General Motors' October U.S. sales plunged 45 percent . . . Automakers sold 838,156 vehicles in October, 32 percent fewer than the same month last year and the worst performance since January 1991 . . . The seasonally adjusted annual sales rate of 10.6 million vehicles was the lowest since February 1983. . . .
The annual sales rate in October 2007 was 16.1 million.
Chrysler's sales tumbled 35 percent, and Ford's dropped 30 percent. Toyota's sales fell 23 percent . . . and Nissan and Honda posted 33 percent and 25 percent declines, respectively.
Overall, GM sold 168,719 vehicles in October, while Ford, including its Volvo brand, sold 132,278 light vehicles and Chrysler's sales totaled 94,530 units.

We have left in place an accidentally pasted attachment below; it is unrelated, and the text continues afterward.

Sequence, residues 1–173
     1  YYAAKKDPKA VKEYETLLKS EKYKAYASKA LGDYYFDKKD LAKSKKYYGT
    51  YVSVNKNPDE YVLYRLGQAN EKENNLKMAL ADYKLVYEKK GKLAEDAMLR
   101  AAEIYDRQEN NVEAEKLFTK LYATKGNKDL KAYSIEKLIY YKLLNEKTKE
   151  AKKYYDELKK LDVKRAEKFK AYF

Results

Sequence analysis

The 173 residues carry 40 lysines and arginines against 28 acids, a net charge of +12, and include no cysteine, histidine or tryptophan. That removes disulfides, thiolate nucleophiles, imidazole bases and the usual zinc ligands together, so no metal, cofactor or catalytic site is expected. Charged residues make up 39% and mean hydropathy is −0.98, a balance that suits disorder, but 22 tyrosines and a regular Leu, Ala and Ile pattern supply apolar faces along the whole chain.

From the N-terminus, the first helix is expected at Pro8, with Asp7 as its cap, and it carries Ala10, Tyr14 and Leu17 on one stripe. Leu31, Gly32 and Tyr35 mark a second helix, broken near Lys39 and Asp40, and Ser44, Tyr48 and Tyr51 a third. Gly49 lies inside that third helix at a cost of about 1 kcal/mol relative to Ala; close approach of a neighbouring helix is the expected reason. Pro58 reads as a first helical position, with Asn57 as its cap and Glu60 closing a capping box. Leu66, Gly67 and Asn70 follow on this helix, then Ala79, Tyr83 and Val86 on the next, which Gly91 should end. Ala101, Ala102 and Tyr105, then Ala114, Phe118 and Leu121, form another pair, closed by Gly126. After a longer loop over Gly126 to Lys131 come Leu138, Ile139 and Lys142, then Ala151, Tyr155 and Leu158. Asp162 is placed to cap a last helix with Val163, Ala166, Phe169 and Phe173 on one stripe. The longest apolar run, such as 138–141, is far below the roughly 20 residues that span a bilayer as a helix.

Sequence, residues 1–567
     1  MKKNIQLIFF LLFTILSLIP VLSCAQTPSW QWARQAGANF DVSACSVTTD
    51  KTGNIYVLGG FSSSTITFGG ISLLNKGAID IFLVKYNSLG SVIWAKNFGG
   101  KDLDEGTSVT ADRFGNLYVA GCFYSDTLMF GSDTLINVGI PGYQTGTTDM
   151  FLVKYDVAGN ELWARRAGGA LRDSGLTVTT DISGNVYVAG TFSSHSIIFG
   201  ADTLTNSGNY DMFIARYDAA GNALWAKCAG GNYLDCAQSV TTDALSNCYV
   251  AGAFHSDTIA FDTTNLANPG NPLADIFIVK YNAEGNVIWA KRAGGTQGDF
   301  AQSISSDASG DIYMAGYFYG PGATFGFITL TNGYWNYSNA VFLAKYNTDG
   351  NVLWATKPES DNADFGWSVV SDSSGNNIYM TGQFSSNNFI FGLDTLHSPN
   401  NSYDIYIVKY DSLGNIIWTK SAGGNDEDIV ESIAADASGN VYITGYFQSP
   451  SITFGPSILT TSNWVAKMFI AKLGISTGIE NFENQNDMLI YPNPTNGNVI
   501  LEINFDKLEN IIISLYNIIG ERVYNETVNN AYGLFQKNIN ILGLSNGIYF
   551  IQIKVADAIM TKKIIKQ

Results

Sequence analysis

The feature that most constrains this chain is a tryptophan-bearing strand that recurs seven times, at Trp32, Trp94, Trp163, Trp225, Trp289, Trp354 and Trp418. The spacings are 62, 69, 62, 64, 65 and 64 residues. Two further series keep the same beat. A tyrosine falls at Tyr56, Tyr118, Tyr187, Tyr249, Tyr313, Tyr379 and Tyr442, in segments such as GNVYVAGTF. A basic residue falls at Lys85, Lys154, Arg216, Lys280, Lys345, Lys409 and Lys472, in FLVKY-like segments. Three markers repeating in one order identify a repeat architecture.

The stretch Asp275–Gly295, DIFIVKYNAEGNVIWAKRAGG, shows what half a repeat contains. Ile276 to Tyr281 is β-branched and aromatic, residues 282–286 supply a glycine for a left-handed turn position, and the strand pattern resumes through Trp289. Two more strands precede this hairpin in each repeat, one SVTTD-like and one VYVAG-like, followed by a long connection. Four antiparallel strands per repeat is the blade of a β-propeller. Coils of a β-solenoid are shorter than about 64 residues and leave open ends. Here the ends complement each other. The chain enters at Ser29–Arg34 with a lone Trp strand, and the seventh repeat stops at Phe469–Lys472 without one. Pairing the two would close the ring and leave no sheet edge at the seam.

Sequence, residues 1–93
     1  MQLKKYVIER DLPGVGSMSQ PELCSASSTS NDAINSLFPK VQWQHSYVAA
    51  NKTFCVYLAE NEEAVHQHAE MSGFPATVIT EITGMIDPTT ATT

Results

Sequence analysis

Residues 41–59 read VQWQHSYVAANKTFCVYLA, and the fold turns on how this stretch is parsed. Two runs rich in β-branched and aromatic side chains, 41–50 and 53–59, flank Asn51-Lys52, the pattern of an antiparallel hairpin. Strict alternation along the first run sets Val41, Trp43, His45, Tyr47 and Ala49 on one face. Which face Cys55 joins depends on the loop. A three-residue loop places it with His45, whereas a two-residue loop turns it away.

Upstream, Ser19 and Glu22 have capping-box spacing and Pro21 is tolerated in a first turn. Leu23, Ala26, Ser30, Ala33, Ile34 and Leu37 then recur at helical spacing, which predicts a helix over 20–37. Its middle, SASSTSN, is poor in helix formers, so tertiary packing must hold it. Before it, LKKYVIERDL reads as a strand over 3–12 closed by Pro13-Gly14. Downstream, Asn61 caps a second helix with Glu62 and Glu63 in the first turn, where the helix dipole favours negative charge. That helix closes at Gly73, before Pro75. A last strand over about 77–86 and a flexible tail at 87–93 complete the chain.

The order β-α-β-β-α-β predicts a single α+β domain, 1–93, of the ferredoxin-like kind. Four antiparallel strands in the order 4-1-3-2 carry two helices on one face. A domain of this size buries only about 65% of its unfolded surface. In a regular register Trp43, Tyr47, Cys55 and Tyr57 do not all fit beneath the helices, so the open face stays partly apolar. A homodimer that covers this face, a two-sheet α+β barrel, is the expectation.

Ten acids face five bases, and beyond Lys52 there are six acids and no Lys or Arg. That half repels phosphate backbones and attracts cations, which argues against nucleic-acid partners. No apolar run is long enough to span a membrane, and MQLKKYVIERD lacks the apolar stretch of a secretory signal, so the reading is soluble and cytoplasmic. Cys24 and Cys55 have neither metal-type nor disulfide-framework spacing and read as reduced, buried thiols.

If GM's sales were adjusted for population growth, October would be the worst month of the post-World War II era . . .
Detroit-based GM said its light- truck sales tumbled 51 percent compared with the same month last year, while demand for passenger cars fell 34 percent. . . .
Toyota . . . sold 152,101 vehicles. The Japanese company's light-truck sales fell 34 percent, while car sales dropped 15 percent.
The market share of the Big Three continues to decline.